Yes, indeed! I was not gifted with that wisdom, I had to learn that teachers need to learn, too.
But you did. And that is what makes you such a good teacher: you listen.
Thank you, Pam. Yes, I do. 😊
here you show how to let kids be kids and the importance of play for learning. you didn’t teach, you guided and I’d much rather be seen as a facilitor who show the importance of inquiry in learning than one who is seen as all knowing!
on a side note… I saw an fall activity that you might like to do with your kiddos. they used a venn diagram with leaves for this they put the red leaves in one side, the yellow in the other and orange in the middle…
We both know that being a facilitator is the the best kind of teacher. And, thanks for the fall activity idea!
I think the reason you’re such a good teacher is that you remember what it’s like to be a child, to be in the moment. It’s wonderful that you support that curiosity in their lives. The world will put the brakes on soon enough.
I do remember, Dan. And I want them to experience it all… before the world puts on the brakes. Thank you.
A lovely post, Jennie. Fun for everyone. You could have done leaf rubbings.
Thank you, Robbie. Leaf rubbings are in the plans. 🙂
Great to hear that, they are so much fun.
Such a beautiful and wonderful post, Jennie. Nice to see such cute pictures of children running around.
Ahhhhh! The teachable moment. Perfect, Jennie!
Thank you, Anneli!
I so agree. We need to be aware of those teachable moments, even as parents and grandparents. I love the idea of the children driving the horse. What a great day you had!
It was a great day, Darlene. Teachable moments can be in the smallest of things. Thank you.
An emergency curriculum is the best way to see real learning 🥰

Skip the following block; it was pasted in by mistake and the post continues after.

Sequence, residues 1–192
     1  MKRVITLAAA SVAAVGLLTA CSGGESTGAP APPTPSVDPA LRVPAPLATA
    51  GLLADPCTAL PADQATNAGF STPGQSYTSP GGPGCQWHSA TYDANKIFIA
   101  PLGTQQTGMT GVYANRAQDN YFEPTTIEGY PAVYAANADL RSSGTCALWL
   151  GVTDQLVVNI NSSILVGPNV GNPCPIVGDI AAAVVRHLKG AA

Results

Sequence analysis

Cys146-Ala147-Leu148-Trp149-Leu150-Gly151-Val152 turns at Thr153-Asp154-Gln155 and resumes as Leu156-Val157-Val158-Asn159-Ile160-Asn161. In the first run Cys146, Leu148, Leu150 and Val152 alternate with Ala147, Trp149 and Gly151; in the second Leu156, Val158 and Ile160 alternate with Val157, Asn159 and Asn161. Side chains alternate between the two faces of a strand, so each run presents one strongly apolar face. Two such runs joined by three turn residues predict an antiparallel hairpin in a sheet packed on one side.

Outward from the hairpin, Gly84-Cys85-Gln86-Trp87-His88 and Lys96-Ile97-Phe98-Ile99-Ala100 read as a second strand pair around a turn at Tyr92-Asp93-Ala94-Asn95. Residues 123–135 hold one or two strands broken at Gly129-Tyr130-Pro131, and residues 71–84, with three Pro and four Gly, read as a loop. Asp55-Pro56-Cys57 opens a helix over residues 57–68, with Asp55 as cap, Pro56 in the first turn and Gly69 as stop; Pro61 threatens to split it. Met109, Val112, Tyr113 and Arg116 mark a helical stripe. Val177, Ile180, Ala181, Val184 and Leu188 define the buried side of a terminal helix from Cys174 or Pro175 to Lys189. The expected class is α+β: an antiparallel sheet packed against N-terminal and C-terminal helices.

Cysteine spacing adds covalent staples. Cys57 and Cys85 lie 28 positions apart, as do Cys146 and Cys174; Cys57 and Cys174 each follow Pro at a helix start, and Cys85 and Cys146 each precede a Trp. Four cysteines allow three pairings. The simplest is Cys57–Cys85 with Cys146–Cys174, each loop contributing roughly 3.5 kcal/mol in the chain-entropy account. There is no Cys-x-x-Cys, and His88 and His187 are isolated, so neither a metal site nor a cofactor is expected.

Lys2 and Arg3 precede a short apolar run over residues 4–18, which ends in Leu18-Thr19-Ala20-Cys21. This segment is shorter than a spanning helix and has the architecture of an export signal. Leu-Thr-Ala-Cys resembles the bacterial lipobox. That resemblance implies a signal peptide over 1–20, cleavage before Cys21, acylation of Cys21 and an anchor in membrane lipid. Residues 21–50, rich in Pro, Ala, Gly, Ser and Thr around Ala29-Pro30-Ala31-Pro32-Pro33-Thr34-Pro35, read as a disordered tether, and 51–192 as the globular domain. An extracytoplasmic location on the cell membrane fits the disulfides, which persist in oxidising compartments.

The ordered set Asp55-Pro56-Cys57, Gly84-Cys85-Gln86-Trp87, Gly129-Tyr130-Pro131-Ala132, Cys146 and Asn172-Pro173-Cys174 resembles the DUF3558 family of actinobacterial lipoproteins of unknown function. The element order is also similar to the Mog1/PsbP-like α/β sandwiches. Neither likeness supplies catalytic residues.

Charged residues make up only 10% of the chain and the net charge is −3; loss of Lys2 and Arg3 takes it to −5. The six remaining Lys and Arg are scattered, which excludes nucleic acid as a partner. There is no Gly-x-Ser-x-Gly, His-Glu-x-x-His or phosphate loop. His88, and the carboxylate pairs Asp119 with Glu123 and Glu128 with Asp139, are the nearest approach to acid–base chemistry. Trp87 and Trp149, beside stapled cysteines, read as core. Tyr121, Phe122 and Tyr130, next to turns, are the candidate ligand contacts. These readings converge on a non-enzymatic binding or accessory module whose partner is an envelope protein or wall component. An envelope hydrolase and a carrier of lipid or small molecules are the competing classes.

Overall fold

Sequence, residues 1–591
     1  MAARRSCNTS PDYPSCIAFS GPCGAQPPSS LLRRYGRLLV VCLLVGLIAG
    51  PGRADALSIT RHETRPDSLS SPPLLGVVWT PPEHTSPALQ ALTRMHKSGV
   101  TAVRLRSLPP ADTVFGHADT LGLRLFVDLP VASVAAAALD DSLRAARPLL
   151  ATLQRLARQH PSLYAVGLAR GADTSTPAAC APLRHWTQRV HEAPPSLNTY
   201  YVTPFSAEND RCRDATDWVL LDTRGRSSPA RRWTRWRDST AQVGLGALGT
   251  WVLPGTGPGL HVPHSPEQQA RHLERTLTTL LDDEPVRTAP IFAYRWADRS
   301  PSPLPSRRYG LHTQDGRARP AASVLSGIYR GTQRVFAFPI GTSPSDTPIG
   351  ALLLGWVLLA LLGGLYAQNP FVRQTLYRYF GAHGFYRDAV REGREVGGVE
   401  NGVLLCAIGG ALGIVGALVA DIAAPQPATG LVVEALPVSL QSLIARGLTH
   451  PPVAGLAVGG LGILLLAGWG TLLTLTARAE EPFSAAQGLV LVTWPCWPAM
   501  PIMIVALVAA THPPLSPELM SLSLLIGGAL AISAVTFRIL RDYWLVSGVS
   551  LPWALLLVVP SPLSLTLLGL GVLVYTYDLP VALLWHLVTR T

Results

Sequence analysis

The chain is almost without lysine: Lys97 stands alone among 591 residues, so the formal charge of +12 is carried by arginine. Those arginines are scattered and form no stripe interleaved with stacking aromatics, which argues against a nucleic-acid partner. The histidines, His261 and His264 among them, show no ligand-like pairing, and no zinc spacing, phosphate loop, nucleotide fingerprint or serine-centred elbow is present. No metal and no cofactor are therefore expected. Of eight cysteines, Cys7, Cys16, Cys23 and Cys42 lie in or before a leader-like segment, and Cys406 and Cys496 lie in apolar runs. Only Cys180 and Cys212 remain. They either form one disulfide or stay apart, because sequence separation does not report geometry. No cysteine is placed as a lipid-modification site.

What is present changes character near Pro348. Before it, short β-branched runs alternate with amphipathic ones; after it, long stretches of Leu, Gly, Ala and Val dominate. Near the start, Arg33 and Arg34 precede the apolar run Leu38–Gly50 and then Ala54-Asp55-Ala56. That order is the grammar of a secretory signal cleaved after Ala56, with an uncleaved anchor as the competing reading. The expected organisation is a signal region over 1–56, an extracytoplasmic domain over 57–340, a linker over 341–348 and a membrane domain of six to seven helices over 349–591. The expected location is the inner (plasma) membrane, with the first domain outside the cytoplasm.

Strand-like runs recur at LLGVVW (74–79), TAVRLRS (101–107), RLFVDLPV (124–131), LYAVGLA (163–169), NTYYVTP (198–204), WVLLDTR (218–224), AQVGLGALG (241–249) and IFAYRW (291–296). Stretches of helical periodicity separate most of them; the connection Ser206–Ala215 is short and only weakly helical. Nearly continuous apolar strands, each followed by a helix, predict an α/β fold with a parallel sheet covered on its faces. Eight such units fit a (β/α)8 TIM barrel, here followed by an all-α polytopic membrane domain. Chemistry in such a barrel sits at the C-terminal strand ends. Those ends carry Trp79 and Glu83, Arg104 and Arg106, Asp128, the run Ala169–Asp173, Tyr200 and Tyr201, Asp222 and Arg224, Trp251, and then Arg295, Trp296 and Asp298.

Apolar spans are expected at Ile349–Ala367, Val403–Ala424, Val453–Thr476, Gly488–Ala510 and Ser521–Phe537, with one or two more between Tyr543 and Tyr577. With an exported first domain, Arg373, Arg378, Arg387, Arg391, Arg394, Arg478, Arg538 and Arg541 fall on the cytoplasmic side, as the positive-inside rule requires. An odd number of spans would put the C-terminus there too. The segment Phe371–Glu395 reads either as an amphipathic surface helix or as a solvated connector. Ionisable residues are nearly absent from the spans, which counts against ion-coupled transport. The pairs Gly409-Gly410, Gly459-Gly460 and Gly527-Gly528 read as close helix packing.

I know what you mean! 😍
What a wonderful opportunity to learn something amazing about the flowers, and leaves! You’re the best, Jennie!
Thanks so much for your kind words, Deborah!
Cheers to seizing the moment! ❤ xo
Yes, indeed! 😍
Reminds me of what fun it was to ‘be a Mom’ during kiddos growing up years plus as a Mom volunteer in theirs and others classes. To think you get to do this!
There are wonderful moments in teaching and parenthood. Thanks, Laura!
It’s funny that a new phrase had to be coined for a very traditional way of engaging with kids. It shows you how far education had gotten from being kid centered.
Well said, Elizabeth. I still have many parents who think it’s all about teaching the ABC’s. That has been a driving force over the years to push for testing and more testing in schools. We’re turning kids into robots. It’s sad.
And then we wonder why they can’t think critically!
That is a better word than you may realize. The best presenter for preschool teachers was Bev Bos. She understood children and what they needed. I will never forget her telling teachers at a conference that what we lack are developing ‘critical, divergent thinkers’. That phrase has never left me, because she was right. She talked about the astronauts who landed on the moon, and how they had to make tough decisions on the spot. She related this back to preschool and what we need to do to develop critical, divergent thinkers. I work hard to do that.